The Chinese press had long given Wong's career very mixed reviews, and were less than favorable to her performance in Shanghai Express. A Chinese newspaper ran the headline: "Paramount Utilizes Anna May Wong to Produce Picture to Disgrace China" and continued, "Although she is deficient in artistic portrayal, she has done more than enough to disgrace the Chinese race." Critics in China believed that Wong's on-screen sexuality spread negative stereotypes of Chinese women.

1930s - 1940s Things Are Wrong
Sino-Japanese War + Chinese Civil War


Wong began using her newfound celebrity to make political statements: late in 1931, for example, she wrote a harsh criticism of the Mukden Incident and Japan's subsequent invasion of Manchuria. She also became more outspoken in her advocacy for Chinese American causes and for better film roles.

In a 1933 interview for Film Weekly entitled "I Protest", Wong criticized the negative stereotyping in Daughter of the Dragon, saying, "Why is it that the screen Chinese is always the villain? And so crude a villain – murderous, treacherous, a snake in the grass! We are not like that. How could we be, with a civilization that is so many times older than the West?"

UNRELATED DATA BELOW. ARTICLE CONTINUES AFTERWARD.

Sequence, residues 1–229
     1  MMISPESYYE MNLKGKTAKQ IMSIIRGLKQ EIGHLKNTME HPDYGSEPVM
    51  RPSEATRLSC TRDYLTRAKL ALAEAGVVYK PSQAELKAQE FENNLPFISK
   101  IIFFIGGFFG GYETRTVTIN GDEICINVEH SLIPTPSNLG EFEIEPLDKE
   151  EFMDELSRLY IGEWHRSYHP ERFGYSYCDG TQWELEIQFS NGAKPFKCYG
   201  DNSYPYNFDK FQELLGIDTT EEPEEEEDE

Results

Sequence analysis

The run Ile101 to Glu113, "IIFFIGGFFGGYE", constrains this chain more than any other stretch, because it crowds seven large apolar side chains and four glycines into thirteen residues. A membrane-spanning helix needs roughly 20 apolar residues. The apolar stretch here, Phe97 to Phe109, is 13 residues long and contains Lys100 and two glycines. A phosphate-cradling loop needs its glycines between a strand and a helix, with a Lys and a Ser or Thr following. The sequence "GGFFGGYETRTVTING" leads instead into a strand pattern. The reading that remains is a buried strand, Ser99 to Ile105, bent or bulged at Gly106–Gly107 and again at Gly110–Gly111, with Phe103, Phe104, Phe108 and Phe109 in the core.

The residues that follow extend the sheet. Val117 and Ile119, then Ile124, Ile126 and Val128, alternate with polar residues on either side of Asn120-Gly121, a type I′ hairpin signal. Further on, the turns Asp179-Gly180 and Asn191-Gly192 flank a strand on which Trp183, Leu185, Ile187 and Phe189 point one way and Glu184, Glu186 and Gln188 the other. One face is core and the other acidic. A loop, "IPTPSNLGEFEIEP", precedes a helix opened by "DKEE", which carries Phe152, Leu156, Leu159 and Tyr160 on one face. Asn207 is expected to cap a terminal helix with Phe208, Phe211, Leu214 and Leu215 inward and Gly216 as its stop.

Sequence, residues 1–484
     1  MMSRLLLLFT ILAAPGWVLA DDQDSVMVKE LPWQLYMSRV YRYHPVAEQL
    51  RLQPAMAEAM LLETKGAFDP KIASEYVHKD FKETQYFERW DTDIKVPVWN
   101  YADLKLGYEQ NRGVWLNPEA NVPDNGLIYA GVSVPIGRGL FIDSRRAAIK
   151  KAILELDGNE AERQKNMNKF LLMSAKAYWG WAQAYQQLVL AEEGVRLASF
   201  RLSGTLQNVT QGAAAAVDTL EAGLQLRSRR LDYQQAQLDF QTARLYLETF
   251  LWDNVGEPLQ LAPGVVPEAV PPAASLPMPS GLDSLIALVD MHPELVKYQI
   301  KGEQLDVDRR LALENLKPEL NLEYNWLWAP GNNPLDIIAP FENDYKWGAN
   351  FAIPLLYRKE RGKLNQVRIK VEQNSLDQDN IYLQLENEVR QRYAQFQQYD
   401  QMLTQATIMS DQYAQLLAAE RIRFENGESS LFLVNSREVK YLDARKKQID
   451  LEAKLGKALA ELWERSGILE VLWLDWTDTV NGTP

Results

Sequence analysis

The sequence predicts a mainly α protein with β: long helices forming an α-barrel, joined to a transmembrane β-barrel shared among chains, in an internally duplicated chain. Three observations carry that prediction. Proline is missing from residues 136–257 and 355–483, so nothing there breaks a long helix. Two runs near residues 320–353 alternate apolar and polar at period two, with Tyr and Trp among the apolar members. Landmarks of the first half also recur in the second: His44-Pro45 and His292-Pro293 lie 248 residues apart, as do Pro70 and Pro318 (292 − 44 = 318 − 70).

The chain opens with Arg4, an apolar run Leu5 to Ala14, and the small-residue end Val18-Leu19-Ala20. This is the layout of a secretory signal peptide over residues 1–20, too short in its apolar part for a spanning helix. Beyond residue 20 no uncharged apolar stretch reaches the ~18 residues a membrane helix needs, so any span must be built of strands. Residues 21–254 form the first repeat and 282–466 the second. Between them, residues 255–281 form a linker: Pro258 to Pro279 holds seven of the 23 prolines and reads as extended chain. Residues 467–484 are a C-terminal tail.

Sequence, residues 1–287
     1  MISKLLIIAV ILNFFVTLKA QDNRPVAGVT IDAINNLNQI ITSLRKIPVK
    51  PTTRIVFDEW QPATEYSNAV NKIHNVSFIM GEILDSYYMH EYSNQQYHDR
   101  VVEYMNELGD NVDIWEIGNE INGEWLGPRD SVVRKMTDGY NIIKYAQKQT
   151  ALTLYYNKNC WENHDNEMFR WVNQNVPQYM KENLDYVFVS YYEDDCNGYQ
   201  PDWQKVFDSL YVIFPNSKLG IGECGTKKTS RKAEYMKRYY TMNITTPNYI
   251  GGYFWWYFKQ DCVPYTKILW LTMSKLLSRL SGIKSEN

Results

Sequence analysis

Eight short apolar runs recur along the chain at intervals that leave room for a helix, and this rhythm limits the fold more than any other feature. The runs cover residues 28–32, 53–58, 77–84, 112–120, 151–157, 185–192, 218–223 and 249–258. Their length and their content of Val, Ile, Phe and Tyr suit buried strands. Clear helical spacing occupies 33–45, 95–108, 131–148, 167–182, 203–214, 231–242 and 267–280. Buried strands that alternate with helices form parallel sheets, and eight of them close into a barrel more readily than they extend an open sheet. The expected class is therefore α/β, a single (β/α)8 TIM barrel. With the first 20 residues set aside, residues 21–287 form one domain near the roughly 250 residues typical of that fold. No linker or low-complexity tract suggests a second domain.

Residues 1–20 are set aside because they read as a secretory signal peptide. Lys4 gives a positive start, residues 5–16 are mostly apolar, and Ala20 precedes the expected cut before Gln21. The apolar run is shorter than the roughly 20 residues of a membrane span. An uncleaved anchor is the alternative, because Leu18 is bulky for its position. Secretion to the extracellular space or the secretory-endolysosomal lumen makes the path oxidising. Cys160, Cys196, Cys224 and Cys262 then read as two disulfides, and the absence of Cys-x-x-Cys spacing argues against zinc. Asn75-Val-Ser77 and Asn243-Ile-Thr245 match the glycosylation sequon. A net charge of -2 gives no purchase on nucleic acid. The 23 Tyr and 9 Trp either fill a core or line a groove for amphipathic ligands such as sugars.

1935 - Are You Kidding Me

After her success in Europe and a prominent role in Shanghai Express, Wong's Hollywood career returned to its old pattern.

Because of the Hays Code's anti-miscegenation rules, she was passed over for the leading female role in The Son-Daughter in favor of Helen Hayes. Metro-Goldwyn-Mayer deemed her "too Chinese to play a Chinese" in the film, and the Hays Office would not have allowed her to perform romantic scenes since the film's male lead, Ramón Novarro, was not Asian. Wong was scheduled to play the role of a mistress to a corrupt Chinese general in Frank Capra's The Bitter Tea of General Yen (1933), but the role went to Japanese actress Toshia Mori.

Again disappointed with Hollywood, Wong returned to Britain, where she stayed for nearly three years. In addition to appearing in four films, she toured Scotland and Ireland as part of a vaudeville show.